"I knew I had to contact the Central Bureau, but I didn't have the address with me," Bopp told me. "I had to drive all the way back home and get it." In the wee hours he roused Western Union and fired off a telegram to Cambridge—where its arrival was greeted with the same bemusement that might accompany a horse and buggy at a Porsche service garage. "Nobody sends telegrams anymore," laughed Brian Marsden, who has run the bureau since 1968.
"I mean, by the time that telegram got here, Alan Hale had already e-mailed us three times with updated coordinates." A jovial Brit with a shock of gray hair, Marsden is the Man Who Names the Comets, the leading voice on a committee that has the final say.
"These things can get quite contentious," he added. "Some people try to cheat. They'll see a comet and call a friend, who will then also report it. Usually we can weed them out." Marsden's brow furrowed—the first time in a half hour the smile left his face. "But I'll tell you, there's at least one comet where I'm sure one of the names was faked." Marsden was seething.
Tom Bopp and I were sitting at a restaurant near his home in Glendale, a Phoenix suburb. Neither of us thought of it at the time, but the restaurant was part of the same chain where, one week before, 39 members of a California cult had reportedly eaten their last meal before ritually committing mass suicide. They claimed they were departing on a spaceship that was trailing comet Hale-Bopp.
Weird stuff seems to go with major comets. When a comet appeared in A.D. 60, the people of Rome assumed it meant the impending death of their still new emperor, Nero. He responded by exiling a potential rival. When another comet turned up just four years later, ancient historians say he ordered the execution of hundreds of nobles. It is said that Moctezuma II saw a comet in 1517 that foreshadowed the downfall of the Aztec empire. In 1910, a wave of hysteria swept over the United States amid reports that Earth was about to pass through Halley's tail.
For Tom Bopp, the comet did indeed portend heartbreak. Three days before we met, as his comet reached its most spectacular point, his brother and sister-in-law were killed in a late night car wreck. They had been out photographing the comet. "This," he told me quietly, "has been the best week of my life. And the worst."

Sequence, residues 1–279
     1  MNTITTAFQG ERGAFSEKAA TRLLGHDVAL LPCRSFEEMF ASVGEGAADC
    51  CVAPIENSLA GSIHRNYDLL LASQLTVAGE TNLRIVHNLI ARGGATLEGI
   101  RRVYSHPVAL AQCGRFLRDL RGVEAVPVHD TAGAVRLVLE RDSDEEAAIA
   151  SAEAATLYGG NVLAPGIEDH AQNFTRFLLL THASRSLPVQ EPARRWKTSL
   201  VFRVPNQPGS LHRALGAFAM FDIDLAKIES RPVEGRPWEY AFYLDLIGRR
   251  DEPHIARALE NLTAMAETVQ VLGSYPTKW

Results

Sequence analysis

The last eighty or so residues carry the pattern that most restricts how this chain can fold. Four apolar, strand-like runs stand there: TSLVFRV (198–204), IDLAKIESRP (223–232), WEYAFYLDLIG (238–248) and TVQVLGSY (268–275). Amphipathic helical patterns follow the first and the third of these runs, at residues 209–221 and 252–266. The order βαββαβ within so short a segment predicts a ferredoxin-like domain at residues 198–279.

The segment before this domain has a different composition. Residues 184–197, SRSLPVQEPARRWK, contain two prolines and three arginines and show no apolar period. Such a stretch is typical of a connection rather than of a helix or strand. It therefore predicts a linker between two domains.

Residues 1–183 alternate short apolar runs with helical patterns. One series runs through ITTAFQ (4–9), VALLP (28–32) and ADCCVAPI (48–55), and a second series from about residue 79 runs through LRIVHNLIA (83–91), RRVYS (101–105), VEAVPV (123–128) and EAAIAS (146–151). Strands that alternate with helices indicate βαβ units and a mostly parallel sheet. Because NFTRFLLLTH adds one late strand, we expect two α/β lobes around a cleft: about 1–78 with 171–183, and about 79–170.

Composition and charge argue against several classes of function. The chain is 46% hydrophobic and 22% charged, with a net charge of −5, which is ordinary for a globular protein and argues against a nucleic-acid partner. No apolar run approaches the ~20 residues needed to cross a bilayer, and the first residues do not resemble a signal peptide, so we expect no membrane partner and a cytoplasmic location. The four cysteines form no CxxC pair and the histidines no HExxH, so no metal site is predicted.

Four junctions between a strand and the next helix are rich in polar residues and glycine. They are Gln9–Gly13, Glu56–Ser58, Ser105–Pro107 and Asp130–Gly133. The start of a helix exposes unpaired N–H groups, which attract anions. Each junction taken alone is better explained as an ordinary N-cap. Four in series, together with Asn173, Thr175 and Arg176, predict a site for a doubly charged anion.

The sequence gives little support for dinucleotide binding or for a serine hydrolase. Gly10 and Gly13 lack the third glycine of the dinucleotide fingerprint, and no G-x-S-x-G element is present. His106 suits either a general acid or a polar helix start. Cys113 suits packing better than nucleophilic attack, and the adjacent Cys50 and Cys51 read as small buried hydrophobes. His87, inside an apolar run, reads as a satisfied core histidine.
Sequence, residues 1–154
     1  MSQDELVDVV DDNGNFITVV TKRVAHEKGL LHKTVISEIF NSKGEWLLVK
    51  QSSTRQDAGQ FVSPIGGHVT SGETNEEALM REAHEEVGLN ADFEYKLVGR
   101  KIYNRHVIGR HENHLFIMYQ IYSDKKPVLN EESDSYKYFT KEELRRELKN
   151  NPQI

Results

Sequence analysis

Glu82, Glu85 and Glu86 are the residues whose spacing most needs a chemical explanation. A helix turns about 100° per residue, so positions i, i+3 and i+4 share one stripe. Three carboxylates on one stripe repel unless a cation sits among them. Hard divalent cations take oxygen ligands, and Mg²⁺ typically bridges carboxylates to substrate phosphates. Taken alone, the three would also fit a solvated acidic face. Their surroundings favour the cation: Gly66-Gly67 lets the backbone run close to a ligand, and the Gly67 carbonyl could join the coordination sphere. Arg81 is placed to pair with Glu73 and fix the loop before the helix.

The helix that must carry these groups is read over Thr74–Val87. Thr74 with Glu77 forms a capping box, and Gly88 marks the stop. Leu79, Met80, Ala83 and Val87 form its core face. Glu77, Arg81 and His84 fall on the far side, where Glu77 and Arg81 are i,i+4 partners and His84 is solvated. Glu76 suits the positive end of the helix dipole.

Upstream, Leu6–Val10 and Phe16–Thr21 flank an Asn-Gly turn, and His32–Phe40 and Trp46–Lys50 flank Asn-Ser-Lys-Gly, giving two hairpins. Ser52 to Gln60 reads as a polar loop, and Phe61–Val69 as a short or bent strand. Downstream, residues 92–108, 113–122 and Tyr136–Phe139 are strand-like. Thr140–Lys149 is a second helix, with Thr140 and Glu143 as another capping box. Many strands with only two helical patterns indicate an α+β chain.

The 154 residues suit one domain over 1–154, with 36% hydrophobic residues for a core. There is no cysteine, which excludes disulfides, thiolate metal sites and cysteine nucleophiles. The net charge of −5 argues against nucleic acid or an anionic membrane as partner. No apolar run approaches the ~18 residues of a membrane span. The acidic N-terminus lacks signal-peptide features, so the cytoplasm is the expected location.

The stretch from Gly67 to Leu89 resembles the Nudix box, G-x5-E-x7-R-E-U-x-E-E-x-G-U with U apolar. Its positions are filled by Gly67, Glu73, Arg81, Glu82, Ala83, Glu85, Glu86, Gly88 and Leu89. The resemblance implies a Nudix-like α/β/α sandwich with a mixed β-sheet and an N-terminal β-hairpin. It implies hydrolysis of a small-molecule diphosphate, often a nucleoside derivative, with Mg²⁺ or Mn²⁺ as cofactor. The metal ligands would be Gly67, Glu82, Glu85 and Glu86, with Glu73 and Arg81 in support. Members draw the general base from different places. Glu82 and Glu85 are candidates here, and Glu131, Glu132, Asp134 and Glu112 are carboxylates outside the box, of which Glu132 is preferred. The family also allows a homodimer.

David Levy's alarm goes off at 3 a.m. Trying not to disturb his wife, he leaves the house and trudges to a homemade observatory behind his home in Vail, Arizona, near Tucson. Levy and his friends Gene and Carolyn Shoemaker composed a remarkably prolific comet-hunting group before Gene was killed in a car accident in Australia last July. Working individually and together, they discovered 40 comets. "On average a dozen comets are found each year," said Levy. "It is unpredictable."
Even a comet's periodic return can vary. Hale-Bopp had a 4,200-year period, but thanks to a gravity assist from Jupiter it will be back in 2,4000 years. Sometimes a comet such as Shoemaker Levy 9 will go into orbit around Jupiter and act as a moon. Others leave Jupiter's orbit and go back around the sun. Comets are like cats; they both have tails, and they both do precisely what they want to do."
One thing comets do is crash into things. Imagine yourself atop the Empire State Building with the world's most powerful bowling-ball cannon, capable of reaching the general vicinity of Washington, D.C. You are randomly firing bowling balls as a lone Volkswagen bug circles the Washington Beltway. It's not likely that you will hit that Beetle anytime soon, but one of these days, one of these millennia, you will inevitably crush one vintage compact car. The last bowling ball to devastate earth—either a comet or an asteroid—hit about 65 million years ago. It blasted a crater more than a hundred miles (160 kilometers) wide under today's Yucatan peninsula and threw up a global cloud of dust and gas.
The sun was all but blocked for years, dropping average temperatures to near freezing and killing off more than half of the plant and animal species on Earth. The dinosaurs died. On the other hand, many mammal species survived.
"If you want some idea of the devastation that's possible from a comet," said David Levy, "take a look at what just one of the fragments of Shoemaker-Levy 9 did to Jupiter. Here's something as long as two or three football fields, and it left a mark bigger than Earth."